The first quarter of 2022 marked the most volatile period since the first quarter of 2020.  The quarter began with significant deterioration in the market’s outlook for growth stocks, particularly those lacking demonstrable earning power.  Then, a geopolitical crisis, building for some time, intensified with the invasion of a European country, roiling markets ranging from commodities to equities.  Last, the Federal Reserve announced, as expected, a 25 basis point change in its benchmark rate and telegraphed six more rate increases in 2022, taking the Federal Funds rate to nearly 2.00% by year-end 2022.  In a speech on March 21, 2022, though, Chairman Powell suggested a greater likelihood that future Fed moves may occur in 50 basis point, rather than 25 basis point, increments to combat inflation, which mirrors the position taken by Governor Bullard in dissenting to the Fed’s 25 basis point rate change at the mid-March meeting.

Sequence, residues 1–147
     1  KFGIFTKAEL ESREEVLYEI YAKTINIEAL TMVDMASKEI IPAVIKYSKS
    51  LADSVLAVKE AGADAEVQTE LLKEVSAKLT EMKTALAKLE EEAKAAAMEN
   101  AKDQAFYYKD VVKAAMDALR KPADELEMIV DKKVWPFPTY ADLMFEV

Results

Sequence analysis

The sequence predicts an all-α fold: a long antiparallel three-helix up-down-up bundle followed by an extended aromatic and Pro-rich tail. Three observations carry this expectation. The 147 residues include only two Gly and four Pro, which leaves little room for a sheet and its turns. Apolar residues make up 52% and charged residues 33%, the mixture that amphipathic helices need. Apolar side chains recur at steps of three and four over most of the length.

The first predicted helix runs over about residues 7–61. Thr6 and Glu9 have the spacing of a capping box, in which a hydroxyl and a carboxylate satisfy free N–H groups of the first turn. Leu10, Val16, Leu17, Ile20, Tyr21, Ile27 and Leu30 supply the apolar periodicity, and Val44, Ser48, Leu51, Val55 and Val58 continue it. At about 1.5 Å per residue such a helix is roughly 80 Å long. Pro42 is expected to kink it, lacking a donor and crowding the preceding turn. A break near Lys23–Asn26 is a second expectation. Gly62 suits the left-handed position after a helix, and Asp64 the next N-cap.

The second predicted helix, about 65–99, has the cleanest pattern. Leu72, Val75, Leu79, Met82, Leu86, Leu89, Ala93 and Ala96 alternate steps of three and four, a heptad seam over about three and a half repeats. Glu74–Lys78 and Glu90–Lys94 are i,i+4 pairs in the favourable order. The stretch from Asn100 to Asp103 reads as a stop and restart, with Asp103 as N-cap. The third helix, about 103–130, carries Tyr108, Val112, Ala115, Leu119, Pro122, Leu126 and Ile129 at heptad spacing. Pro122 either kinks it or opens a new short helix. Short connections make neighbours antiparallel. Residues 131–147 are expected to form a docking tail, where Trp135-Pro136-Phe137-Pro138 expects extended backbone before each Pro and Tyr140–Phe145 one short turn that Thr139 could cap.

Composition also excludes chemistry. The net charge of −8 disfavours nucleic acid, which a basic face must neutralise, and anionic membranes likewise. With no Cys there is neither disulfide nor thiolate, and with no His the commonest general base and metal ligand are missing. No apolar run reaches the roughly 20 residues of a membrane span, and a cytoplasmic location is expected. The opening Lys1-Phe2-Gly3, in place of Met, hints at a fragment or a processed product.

The following tables summarize key metrics we track regarding equities, fixed income, and commodity markets leading up to the invasion of Ukraine on February 23, 2022 and thereafter.

Equity Indices

Index data per S&P Capital IQ Pro

Treasury Rates

Treasury yields per FRED, Federal Reserve Bank of St. Louis

Debt Spreads

Corporate Credit Spreads per FRED, Federal Reserve Bank of St. Louis
CMBS spreads per ICE Index Platform


Oil price represents West Texas Intermediate; WTI prices per FRED, Federal Reserve Bank of St. Louis
Corn & wheat prices per Bloomberg

Residential Mortgages

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